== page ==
By Sarah Jones
Texas families do not have a religious freedom right to home-school absolutely free of any regulation, a state court of appeals ruled last week. The decision is a setback for Michael and Laura McIntyre, who removed their nine children from a private school in order to educate them at home.
Relatives quickly discovered that very little education ever took place. The family ostensibly set aside space in a motorcycle dealership it co-owned with Michael McIntyre’s twin brother, Tracy, as a “classroom.” Tracy soon noticed that the classroom didn’t actually get used for its stated purpose.
From the ruling: “While the children would sing or play instruments, he never saw them reading books or doing arithmetic, nor did he observe any computers or other school equipment.”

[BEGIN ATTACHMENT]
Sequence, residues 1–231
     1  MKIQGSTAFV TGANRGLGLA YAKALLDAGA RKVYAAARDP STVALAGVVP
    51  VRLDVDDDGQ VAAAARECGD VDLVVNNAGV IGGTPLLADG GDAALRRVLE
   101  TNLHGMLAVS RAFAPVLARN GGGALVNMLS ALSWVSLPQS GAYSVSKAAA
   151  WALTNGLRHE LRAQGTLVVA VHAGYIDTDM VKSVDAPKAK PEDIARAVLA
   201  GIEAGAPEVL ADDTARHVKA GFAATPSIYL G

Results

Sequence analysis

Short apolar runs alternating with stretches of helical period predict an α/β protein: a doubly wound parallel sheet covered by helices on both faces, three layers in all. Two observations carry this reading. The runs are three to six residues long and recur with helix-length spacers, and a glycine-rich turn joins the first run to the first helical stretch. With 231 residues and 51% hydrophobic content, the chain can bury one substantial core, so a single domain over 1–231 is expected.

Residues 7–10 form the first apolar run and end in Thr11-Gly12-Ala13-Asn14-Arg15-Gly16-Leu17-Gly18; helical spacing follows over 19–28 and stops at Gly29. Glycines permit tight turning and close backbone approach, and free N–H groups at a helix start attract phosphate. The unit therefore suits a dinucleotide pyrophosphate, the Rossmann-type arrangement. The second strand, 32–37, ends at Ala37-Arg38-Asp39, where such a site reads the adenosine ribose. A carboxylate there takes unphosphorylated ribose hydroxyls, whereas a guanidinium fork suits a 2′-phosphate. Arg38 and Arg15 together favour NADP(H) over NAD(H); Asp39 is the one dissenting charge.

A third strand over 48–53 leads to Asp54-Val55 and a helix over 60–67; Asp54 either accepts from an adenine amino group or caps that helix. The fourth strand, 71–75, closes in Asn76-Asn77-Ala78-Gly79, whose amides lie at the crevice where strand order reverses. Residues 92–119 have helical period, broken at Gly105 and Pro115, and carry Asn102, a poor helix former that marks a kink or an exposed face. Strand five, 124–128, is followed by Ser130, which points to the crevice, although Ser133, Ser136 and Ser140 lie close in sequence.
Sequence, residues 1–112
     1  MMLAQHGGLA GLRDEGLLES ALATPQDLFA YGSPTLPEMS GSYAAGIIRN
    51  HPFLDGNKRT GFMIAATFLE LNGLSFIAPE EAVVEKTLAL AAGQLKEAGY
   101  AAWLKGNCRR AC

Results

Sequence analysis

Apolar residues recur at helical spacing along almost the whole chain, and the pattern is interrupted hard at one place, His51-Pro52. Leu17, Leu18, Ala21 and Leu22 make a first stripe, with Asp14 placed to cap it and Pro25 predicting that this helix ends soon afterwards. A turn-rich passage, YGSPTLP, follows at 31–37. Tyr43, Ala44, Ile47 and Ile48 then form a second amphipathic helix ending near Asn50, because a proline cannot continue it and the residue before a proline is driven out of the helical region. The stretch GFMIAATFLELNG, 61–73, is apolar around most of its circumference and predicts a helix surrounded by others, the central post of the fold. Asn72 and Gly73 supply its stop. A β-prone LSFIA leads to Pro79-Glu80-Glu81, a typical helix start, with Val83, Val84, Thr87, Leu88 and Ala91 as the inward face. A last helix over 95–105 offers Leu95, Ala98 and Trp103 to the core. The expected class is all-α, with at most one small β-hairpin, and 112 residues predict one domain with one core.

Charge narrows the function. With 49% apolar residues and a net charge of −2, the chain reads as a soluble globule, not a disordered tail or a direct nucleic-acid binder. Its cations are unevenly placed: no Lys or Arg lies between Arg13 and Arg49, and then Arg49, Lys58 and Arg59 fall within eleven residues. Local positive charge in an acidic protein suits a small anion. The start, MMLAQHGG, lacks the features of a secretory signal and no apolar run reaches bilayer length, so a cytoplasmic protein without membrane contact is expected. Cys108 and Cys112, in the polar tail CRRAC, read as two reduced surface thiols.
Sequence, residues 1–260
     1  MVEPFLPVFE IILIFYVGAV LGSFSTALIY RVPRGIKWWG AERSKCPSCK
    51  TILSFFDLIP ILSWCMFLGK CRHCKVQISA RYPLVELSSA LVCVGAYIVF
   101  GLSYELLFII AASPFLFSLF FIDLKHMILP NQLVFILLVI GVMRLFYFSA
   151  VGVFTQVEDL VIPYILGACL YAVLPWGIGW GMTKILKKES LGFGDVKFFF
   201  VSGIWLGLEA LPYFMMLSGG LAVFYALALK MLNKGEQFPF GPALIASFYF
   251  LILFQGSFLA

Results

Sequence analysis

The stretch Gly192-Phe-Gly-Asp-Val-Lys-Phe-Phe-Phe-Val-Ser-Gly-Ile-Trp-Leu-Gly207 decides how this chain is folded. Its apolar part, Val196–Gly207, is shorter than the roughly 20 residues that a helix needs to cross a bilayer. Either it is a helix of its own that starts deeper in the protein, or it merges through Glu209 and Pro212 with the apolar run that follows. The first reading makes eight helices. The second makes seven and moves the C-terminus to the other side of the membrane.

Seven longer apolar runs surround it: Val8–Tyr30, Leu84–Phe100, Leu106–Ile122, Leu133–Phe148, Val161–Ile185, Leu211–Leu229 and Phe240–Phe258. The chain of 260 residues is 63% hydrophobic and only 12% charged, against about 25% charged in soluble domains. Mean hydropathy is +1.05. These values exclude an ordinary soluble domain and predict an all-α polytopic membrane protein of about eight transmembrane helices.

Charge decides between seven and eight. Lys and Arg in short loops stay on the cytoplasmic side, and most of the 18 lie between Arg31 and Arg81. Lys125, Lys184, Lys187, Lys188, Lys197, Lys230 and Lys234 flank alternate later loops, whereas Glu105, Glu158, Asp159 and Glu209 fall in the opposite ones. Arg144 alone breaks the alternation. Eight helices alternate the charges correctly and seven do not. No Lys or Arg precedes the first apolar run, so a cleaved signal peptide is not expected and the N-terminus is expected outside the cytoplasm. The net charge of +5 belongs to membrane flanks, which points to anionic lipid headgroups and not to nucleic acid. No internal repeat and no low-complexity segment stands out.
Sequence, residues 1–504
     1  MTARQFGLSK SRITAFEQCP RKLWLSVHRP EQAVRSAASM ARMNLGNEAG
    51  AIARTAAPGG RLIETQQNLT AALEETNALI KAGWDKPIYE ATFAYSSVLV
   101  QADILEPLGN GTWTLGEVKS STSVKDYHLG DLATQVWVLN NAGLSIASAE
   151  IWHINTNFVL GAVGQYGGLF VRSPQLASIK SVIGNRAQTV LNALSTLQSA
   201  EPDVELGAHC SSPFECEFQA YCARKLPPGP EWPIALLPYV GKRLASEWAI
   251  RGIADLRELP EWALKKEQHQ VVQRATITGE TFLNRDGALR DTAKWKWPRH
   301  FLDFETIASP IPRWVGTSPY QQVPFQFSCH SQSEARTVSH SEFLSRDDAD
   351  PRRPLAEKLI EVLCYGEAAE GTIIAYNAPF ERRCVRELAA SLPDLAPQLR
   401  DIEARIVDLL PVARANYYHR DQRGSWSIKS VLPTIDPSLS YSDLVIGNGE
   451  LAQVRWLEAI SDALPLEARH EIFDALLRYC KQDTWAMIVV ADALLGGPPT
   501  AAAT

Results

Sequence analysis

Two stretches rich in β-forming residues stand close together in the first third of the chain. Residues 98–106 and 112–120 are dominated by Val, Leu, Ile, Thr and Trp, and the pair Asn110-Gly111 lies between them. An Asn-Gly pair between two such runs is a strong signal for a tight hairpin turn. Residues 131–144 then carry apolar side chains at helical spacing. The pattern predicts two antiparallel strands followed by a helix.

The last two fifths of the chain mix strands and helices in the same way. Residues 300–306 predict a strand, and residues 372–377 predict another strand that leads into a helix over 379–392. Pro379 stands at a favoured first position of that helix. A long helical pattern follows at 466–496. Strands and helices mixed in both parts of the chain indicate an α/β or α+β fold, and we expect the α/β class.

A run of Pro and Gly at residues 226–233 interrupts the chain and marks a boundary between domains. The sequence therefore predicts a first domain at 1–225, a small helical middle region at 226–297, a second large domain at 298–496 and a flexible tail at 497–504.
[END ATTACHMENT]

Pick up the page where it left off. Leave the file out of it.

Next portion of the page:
Tracy McIntyre later overheard one of the McIntyre children say that “they did not need to do schoolwork because they were going to be raptured.”
The family’s oldest child was so desperate for a real education that she ran away from home in an attempt to enroll herself in high school. Without any academic records, the school didn’t know which grade to place her in; after testing, the 17-year-old was placed in the freshman class, far behind the rest of her age group.
Naturally, the school district intervened – and that’s when the McIntyres called upon the resources of the Religious Right. When confronted with a request for details about their curriculum, the family decided it was being unfairly harassed and requested help from the Homeschool Legal Defense Association (HSLDA), a Christian legal advocacy organization founded and run by Religious Right figurehead Michael Farris. (Farris is also the founder and chancellor of Patrick Henry College, an unaccredited Evangelical college in Purcellville, Va.).